I like the way the splashdown hits the track above itself, making the track wet.
Wait, they don’t run when the track is wet.

Grabbed Dragon 2 Loop on the way back out. About time someone bothered to run one for us.

Time to see if Phaethon is alive. It was. It had just been so quiet since that test train we saw long ago that nothing had been sent since. Managed to slither into the last couple of seats of the first train they waited so long to fill.

Another impressive queueline for this one. The famous entrance with the big horse thing is followed by lots of rockwork before heading indoors where there’s a couple of dark sections and some scenery. Think it’s themed to Chariots of Fire and Thor 2.

My second big boy invert in as many months. It’s large, fast, forceful and enjoyable. Just lacked the slightly wilder edge that Monster had. There’s no snap at all in the cobra, all the transitions seem more well refined but not necessarily in a good way. Maybe this is what people talk about with their old school B&M obsession. Never quite understood it.

You can get quite up close and personal with this one as well, so both coaster areas have some good interaction and theming.

Went back round for another go but it started raining a bit again and they decided to cease operation again, saying wait a while.

Did the rapids while waiting. Everyone else was ponchoed up but it was already wet, what’s the worst that can happen? Plus, rapids are more fun with a bit of threat involved, and this one was no exception.

Tried to get back into Phaethon, just as the queue was being evacuated. Ah.

Well Draken is still running at least. Back to that for another couple of goes.

They eventually gave up on that as well, as the rain got slightly worse again. Oh well, got the creds, good on you Gyeongju World for trying at least.

Did the Ferris Wheel on the way out for the sake of it/some views. Plenty more of these things on the horizon.

Quite liked the place in the end. Wouldn’t be a huge amount to do even on a good day, but what they do have for now is solid and well presented.

And that was ‘Golden Gyeongju’.

Up next – more rain, Japan style.


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So did you ride Draken that day? How was it???
Well yes. It was decent enough.

Flew from Busan to Nagoya the next morning and picked up a car from the airport.

Good advice.
After the hilarity of the expensive tolls last trip, we had pre-booked an auto toll card thing which gives you a discount and lets you pay it all off at the end, rather than eating into your fast dwindling cash funds.
Lets see how much we can rack up.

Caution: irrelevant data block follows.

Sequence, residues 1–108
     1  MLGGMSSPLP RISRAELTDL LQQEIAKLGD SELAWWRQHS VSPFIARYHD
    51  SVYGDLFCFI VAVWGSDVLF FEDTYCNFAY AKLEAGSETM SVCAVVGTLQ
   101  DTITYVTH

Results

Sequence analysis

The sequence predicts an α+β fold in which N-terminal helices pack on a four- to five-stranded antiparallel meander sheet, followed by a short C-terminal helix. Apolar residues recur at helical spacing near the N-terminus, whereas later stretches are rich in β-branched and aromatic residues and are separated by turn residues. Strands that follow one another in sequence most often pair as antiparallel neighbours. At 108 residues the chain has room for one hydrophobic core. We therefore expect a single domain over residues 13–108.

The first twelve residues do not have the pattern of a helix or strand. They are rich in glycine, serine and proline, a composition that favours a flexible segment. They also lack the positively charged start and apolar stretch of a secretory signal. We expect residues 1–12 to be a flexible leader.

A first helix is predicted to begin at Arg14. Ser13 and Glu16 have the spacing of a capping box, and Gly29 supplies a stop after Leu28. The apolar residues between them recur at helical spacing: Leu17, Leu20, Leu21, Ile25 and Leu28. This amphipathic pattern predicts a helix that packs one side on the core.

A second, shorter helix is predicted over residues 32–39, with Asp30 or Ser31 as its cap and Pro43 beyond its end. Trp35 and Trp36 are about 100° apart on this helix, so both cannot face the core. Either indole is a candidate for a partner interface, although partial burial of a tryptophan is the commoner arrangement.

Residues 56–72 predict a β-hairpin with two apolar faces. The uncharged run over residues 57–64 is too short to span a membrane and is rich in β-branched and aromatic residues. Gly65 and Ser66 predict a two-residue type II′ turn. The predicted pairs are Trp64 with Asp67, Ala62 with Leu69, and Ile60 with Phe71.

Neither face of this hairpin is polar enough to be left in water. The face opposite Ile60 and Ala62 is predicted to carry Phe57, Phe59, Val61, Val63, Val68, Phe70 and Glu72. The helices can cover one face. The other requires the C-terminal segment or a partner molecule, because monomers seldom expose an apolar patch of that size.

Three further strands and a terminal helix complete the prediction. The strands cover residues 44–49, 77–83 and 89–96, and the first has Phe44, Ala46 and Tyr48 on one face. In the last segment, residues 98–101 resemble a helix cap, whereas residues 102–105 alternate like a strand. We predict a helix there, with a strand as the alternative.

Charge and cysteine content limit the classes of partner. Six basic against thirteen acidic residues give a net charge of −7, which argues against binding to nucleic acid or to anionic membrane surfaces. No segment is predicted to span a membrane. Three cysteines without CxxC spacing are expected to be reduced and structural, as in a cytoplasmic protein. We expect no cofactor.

Day 4 – Suzuka Circuit

Was immediately reminded of why I love this country as we pulled into the car park here to be greeted by the friendliest person in the world brandishing signs and maps about who wants the amusement park and who wants the race track. First one please.

It had just started to rain as we reached the ticket windows, where more sign brandishing occurred, in particular the one that said no refunds if things close for weather. Don’t get me started.

Headed straight for Rocky Coaster, which I didn’t know had 2 backwards facing cars out of 5. Bonus.
The rain got rather heavy but they continued sending a couple of trains in front of us before it died down for our lap.

Backwards! Jet coaster was rather fun, not knowing what was going on. There’s a classic ‘stick a straight line in’ section towards the end which was particularly amusing.

The other cred was in sight – Adventure Drive. Supposedly launched by people’s screams. It sure is a weird looking thing.

The rain got rather nasty again but we were welcomed into the queue. Again, they persisted for a while, but then it got too much and they ceased operation.
It might be that they have the power of some super accurate weather prediction technology in parks that rules all these cop out for the day places, but here we were told to wait 30 minutes and they’d give it another go. Yes, that’s more like it.

Sure enough, around 30 minutes later, while watching the water park evacuate themselves cos it was too wet, it died down again and they sent a couple of cars before starting to load again.

It rides as weird as it looks. Punchy little launches in between momentum killing moments. An unusually steep lift and drop combo chucked in the middle. Screams don’t seem to do much. Bit of a laugh.

On to the first of a million shooting dark rides for this trip. There’s a particular Japanese style of these rides, I believe made by Senyo, with continuously moving, sideways facing, 4 seater cars and fixed position swivelling guns that shoot at red LED circles and the occasional screen. Some of them have quite impressive animatronics inside, but it’s all a bit lost on you when you’re concentrating on shooting. Hirakata had my first, and it was quite novel, it now turns out they’re absolutely everywhere.

This one was about drilling for crystals I believe (don’t know where I got that from). The details might have faded on me.